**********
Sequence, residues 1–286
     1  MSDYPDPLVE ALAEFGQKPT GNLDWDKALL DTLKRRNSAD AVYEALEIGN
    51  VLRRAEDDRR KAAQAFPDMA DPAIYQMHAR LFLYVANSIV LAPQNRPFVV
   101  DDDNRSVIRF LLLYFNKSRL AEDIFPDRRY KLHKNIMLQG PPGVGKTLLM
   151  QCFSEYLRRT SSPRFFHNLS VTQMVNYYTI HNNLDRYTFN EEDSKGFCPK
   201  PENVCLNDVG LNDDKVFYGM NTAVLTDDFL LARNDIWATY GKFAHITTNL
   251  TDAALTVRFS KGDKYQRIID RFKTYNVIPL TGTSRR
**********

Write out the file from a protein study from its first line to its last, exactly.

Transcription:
Sequence, residues 1–286
     1  MSDYPDPLVE ALAEFGQKPT GNLDWDKALL DTLKRRNSAD AVYEALEIGN
    51  VLRRAEDDRR KAAQAFPDMA DPAIYQMHAR LFLYVANSIV LAPQNRPFVV
   101  DDDNRSVIRF LLLYFNKSRL AEDIFPDRRY KLHKNIMLQG PPGVGKTLLM
   151  QCFSEYLRRT SSPRFFHNLS VTQMVNYYTI HNNLDRYTFN EEDSKGFCPK
   201  PENVCLNDVG LNDDKVFYGM NTAVLTDDFL LARNDIWATY GKFAHITTNL
   251  TDAALTVRFS KGDKYQRIID RFKTYNVIPL TGTSRR